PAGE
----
Meanwhile, both candidates’ supporters would do well to recall that Bernie Sanders and Hillary Clinton voted together in the U.S. Senate 93 percent of the time.

 

By: Gene Lyons, The National Memo, February 10, 2016

February 14, 2016 Posted by | Bernie Bros, Bernie Sanders, Democratic Primary Debates, Hillary Clinton | , , , , , , , , | 1 Comment

“Presidential Leadership Gap”: Hillary Campaign Twitter-Trolls Bernie — And Rubio

The Hillary Clinton campaign posted an interesting tweet Thursday, seizing on a Republican attack line against President Obama in order to illustrate her own support for the president.

Let’s dispel with this fiction that @POTUS doesn’t know what he’s doing. He knows exactly what he’s doing. https://t.co/DQ4HHj9kXZ

— Hillary Clinton (@HillaryClinton) February 11, 2016

This was, of course, the grammatically strange phrase that Marco Rubio delivered — and then repeated several times — at last weekend’s Republican debate in New Hampshire, where his fumbled performance caused his numbers in the state to crash all the way down to fifth place. (The tweet was not signed “-H,” which is used to indicate authorship by the candidate herself. Thus, it was apparently written by the campaign team.)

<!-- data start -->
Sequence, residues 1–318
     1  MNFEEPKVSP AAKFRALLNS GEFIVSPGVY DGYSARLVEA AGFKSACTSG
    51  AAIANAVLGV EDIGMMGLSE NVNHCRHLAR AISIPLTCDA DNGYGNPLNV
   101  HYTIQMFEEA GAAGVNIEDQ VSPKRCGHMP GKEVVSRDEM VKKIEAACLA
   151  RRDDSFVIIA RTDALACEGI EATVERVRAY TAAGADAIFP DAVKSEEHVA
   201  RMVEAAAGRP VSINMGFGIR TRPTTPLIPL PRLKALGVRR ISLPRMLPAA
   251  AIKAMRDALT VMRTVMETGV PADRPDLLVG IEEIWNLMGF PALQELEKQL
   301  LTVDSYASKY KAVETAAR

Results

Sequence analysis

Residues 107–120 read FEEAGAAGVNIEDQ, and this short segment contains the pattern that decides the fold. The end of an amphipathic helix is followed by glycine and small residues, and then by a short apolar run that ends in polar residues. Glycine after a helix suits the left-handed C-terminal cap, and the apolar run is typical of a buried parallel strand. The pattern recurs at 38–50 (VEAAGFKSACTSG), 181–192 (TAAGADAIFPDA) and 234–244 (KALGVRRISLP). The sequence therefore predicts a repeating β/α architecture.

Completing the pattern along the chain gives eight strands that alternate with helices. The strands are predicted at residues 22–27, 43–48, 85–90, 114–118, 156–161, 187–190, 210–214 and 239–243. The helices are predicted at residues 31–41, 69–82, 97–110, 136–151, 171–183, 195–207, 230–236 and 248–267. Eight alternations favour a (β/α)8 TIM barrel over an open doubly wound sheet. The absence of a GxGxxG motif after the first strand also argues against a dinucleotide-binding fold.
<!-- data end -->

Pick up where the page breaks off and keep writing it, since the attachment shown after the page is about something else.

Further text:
But the linked article from NBC News is not about Rubio — it’s about Hillary’s rival Bernie Sanders, whom she will face in a debate Thursday night. The headline: “Sanders: Obama Hasn’t Closed ‘Presidential Leadership Gap.’”

The piece concerns an interview that Sanders conducted with MSNBC political correspondent Kasie Hunt. From NBC’s report:

“There’s a huge gap right now between Congress and the American people. What presidential leadership is about closing that gap,” he told MSNBC in an interview Wednesday that will air in full Thursday evening on “The Last Word with Lawrence O’Donnell.”

Asked if he believed President Obama had closed that gap, Sanders said: “No, I don’t. I mean, I think he has made the effort. But I think what we need, when I talk about a political revolution, is bringing millions and millions of people into the political process in a way that does not exist right now.”

The message from Clinton’s campaign is clear: She’s the one who has continuously supported President Obama, and is equipped to successfully carry on his programs in office. That theme will certainly be important for the upcoming Democratic contests in Nevada and South Carolina.

 

By: Eric Kleefeld, The National Memo, February 11, 2016

February 12, 2016 Posted by | Bernie Sanders, Democratic Primary Debates, Hillary Clinton | , , , , , , | Leave a comment